The Best Palestinian Restaurants In NYCWhere to get your fill of musakhan, fatteh, knafeh, and more.
Palestinian food is rare in New York. As you’ll discover from this list, most options are in Bay Ridge along 5th Avenue, also known as “Little Palestine,” where you’ll find a number of Lebanese, Syrian, and Yemeni restaurants as well. But more places have been opening up across the city where you can get your fill of maqlubeh, shawarma, and attar-soaked knafeh. Visit some of the best spots in Bay Ridge, or go grab some Palestinian food in Astoria, Brooklyn Heights, or Chelsea.
Run by a Palestinian-American mother-daughter duo, Tanoreen serves a range of dishes from Palestine, Syria, Jordan, and Lebanon. Start with some extra-lemony baba ghanoush, then be sure to prioritize the Palestinian dishes. Anyone who eats meat should try the fetti with sumac-spiced lamb or chicken, a huge portion of short grain rice and inch-long cuts of vermicelli noodles topped with tahini-yogurt sauce, crunchy almond slivers, and fried pita chips. Everything at Tanoreen works best for sharing, which makes this place an especially good choice for a night out with a bunch of friends or some family members who still force you to plan dinners for them.
Walk into Ayat in Bay Ridge and you’ll immediately be tempted by the spits of shawarma and deli case full of hummus and tabbouleh. All of these things are worth your time, but Ayat’s signature platters are the main event. The portions are huge, so you’ll need a group to help get through the six layers of meat, rice, chickpeas, tahini, almonds, and mint in the family-sized platter of fattat lahma. Ayat's breezy dining room is decked out in faux-flowers and perfect for a group dinner or casual celebration in the summer. The restaurant has been a hit since it opened, and they've since opened a second location with a third in the works. The owners also have another Palestinian restaurant in Brooklyn Heights, Al Badawi (see below).
At Albadawi in Brooklyn Heights, water is served in a heavy jarrah, and as many ingredients as possible are sourced from Palestinian farmers. Everything at this Palestinian spot (the sister restaurant to Ayat), feels intentional, and you get the impression that a lot of effort went into the details. You’ll find some Ayat repeats on the menu here, but we suggest you try something different like the ouzi lamb sitting on a potpourri-like pile of rice, almonds, peas, and herbs. There’s also a bamia full of pleasantly bitter okra, as well as eight flatbreads topped with everything from shawarma to pistachio.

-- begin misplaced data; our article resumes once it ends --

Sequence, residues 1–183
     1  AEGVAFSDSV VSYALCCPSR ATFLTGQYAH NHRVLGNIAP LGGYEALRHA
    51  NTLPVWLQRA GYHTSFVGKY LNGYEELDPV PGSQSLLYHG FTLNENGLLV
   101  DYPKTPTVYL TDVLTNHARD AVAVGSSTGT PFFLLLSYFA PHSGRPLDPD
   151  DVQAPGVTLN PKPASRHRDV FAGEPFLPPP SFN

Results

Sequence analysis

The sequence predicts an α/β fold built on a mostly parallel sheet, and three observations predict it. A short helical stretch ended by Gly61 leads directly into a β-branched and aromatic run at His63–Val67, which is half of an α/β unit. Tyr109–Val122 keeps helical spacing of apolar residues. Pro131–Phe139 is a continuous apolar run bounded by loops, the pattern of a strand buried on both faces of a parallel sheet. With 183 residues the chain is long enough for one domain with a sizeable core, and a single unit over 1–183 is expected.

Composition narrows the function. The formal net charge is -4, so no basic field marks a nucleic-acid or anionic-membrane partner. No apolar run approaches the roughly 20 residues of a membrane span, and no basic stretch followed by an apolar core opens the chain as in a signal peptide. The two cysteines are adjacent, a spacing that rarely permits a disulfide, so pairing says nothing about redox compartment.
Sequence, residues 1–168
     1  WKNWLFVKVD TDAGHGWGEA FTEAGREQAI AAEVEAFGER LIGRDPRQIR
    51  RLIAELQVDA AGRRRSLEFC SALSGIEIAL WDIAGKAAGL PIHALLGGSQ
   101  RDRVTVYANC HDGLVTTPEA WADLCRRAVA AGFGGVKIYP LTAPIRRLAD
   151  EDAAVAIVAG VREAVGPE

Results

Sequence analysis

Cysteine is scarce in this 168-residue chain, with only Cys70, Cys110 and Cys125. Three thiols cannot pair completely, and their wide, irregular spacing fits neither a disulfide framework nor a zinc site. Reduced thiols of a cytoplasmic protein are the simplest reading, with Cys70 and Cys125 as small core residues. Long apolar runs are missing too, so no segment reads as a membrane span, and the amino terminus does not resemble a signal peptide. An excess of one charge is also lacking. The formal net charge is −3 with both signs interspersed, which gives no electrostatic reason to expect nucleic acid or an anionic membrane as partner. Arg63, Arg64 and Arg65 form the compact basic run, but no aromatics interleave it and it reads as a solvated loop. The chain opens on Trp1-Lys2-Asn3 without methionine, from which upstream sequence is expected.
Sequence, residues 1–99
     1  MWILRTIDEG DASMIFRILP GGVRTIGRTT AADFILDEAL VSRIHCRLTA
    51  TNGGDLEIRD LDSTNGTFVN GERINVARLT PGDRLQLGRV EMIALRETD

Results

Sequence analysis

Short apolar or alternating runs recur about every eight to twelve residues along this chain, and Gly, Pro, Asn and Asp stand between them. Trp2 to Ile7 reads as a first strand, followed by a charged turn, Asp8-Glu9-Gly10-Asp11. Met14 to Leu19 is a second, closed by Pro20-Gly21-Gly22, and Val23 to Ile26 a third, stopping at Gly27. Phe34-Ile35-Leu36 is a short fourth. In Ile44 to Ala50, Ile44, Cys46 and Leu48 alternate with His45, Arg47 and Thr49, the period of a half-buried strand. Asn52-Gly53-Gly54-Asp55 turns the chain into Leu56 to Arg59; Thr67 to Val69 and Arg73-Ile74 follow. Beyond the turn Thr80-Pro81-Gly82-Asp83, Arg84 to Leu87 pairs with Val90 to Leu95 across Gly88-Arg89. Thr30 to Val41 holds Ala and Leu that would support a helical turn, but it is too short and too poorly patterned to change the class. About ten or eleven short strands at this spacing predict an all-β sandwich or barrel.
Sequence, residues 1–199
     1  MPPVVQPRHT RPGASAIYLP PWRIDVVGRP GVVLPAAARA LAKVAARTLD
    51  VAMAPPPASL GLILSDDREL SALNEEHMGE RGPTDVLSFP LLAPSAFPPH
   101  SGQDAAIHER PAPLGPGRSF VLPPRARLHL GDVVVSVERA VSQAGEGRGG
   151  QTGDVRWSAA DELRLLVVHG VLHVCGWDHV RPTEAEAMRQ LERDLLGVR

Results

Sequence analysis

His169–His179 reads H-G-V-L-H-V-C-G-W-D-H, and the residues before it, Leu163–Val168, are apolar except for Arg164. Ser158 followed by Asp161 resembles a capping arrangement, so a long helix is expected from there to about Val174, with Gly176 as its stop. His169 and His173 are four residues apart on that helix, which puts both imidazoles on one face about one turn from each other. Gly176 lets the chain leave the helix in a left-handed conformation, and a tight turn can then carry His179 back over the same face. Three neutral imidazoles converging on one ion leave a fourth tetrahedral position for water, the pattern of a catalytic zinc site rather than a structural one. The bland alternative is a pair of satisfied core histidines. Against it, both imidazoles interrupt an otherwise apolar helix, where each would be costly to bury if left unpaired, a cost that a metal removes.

This counter-service spot in Bay Ridge has everything from foul mudammas and manakish covered in za’atar to kabab platters and, our go-to, Palestinian-style shawarma. You can get the shawarma inside a fluffy pita, but we prefer the laffa wrap with juicy, tender meat and crunchy pickles neatly packed inside. There are only a couple cramped tables inside that are usually occupied by regulars, but the wrap is easy to eat on the go if you feel like window shopping for Middle Eastern goods along 5th. The hummus is less portable, but grab some to take home anyway. It comes topped with bright green shatta and olive oil, and it looks like a gorgeous, mossy pond.
Stop by Qanoon to eat beautifully plated mounds of makloubeh and mahshi in a cozy townhouse with a rotating playlist of Middle Eastern artists. This is the rare Palestinian restaurant in Manhattan, and it should be your go-to spot on the island for Palestinian home cooking with generous amounts of olive oil. They’re really into farm-fresh produce here, but there’s no need to order a salad for it—most dishes involve some sort of colorful smattering of fruits or vegetables. We especially like the musakhan, also known as sumac chicken, which sits on top of a pita and transforms it into an unforgettable piece of bread soaked in the chicken’s juices.
Nablus Sweets is named after the city in the West Bank that’s known as the Palestinian capital of sweets—specifically, knafeh. Nablus has two types, and you need to try both. There’s the coarser khishne—warm, gooey cheese topped with thin, crispy kataifi noodles—but we’re partial to the meltier na’ame, layered with a softer dough, soaked in syrup, and served hot. The barebones counter-service shop serves a number of other sweets, which they’re happy to heat up for you and dress with honey. Enjoy your cheesy dessert and some tea in their outdoor structure.
In Astoria’s Little Egypt, it’s pretty common to see someone shaving roasting spits of meat into pitas. But the quality of the shawarma and kebabs at Palestinian-owned Duzan sets it apart from the other counter-service Middle Eastern spots in the area. We recommend the chicken shawarma and some creamy hummus topped with their spicy harissa. The fluffy pitas fresh from the oven will momentarily make you black out, but don’t let the foul mudammas fly under the radar. The pureed fava beans are made to order and served hot with a magical mixture of olive oil, tahini, garlic, and lemon.